P R I V I L E G E • In two slides I went from a privileged perspective to a bottom of the information pyramid • You must learn to recognize your information privilege and overcome it
  47. F U N C T I O N A L

    P R O G R A M M I N G • Oh, you need to use pure functions • Oh, you need a function without side effects • Oh, you need a function that doesn’t keep or modify any state • Oh, you need a function that given input(s) gives output • Oh, you need to use Haskell
  48. None
  49. U S I N G J A R G O

    N A C T I V E LY P U T S D I S TA N C E B E T W E E N Y O U R S T U D E N T A N D U N D E R S TA N D I N G T H E C O N C E P T
  50. E S 7 O B S E R VA B

    L E S P R O M I S E T O N O T U S E P R O M I S E S @ H O LT B T E S 2 0 1 6 E S 2 0 1 7 java s cr ip t LOL
  51. A R R AY S • Arrays are groups of

    values • [0, 1, 2, 3, 4, 5, 7, 8, 9] • [‘Real Salt Lake’, ‘Seattle Sounders’, ‘LA Galaxy’]
  52. U S I N G M A P • With

    map, we can transform entire arrays • [0, 2, 4, 6, 8, 10, 12, 14, 16, 18] • [‘REAL SALT LAKE’, ‘SEATTLE SOUNDERS’, ‘LA GALAXY’]
  53. None
  54. W H AT I F Y O U H A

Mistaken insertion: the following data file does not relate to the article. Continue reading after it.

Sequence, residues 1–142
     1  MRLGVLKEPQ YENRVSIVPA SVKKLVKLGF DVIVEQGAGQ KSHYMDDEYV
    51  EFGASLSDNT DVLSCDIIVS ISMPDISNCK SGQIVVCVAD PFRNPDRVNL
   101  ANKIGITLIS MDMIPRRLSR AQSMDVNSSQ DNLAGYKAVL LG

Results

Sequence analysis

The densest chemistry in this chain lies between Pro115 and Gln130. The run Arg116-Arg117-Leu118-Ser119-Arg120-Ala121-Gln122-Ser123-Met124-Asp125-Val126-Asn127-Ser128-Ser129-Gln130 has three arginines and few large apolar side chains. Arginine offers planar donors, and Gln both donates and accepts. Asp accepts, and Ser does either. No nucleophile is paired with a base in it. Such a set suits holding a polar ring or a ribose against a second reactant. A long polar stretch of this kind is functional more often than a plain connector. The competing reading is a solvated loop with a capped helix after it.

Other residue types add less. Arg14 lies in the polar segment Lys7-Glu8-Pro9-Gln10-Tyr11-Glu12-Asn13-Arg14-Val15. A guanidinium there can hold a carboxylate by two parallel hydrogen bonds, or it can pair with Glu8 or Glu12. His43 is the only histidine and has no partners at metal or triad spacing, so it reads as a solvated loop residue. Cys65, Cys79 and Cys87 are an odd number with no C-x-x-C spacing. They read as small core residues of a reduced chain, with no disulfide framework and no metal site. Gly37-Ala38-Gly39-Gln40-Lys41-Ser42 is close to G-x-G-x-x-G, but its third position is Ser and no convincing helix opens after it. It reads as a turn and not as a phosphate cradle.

D A N A R R AY T H AT J U S T A P P E A R E D O V E R T I M E ? • Instead of an array, where all your data is there, available already, your array is filled over time • Since we’re only applying a function, we can apply this function now or later • An observable is an array that appears over time
  55. E X A M P L E S • [0

    . . . . . . . . . 1 . 2 . . . . . . . . 3 . 4 . 5 . . . 6] • [‘Real Salt Lake’ . . . . . . . . . . ‘Seattle Sounders’ . . . . . . ‘LA Galaxy’]
  56. E X A M P L E S • [0

    . . . . . . . . . 2 . 4 . . . . . . . . 6 . 8 . 10 . . . 12] • [‘REAL SALT LAKE’ . . . . . . . . . . ‘SEATTLE SOUNDERS’ . . . . . . ‘LA GALAXY’]
  57. None
  58. W E G E T T O T R E

    AT A R R AY S A N D O B S E R VA B L E S T H E S A M E WAY
  59. W H Y N O T P R O M

    I S E S • Promises are great for representations of single, one-time async values, like AJAX requests • Promises suck for orchestration, chaining, multi-event, cancellation, or anything besides one-time, simple values • Suck to debug
  60. W H Y O B S E R VA B

    L E S • Still suck to debug • Complex • Composable • Declarative • Able to model very complicated systems
  61. O B S E R VA B L E S

    I S E S . N E X T ? • Yes • Maybe ES2018 if I had to take a guess • TC39 wants (cancelable) promises, observables, async/await, generators, and async iterators all to play nice with each other
  62. @holtbt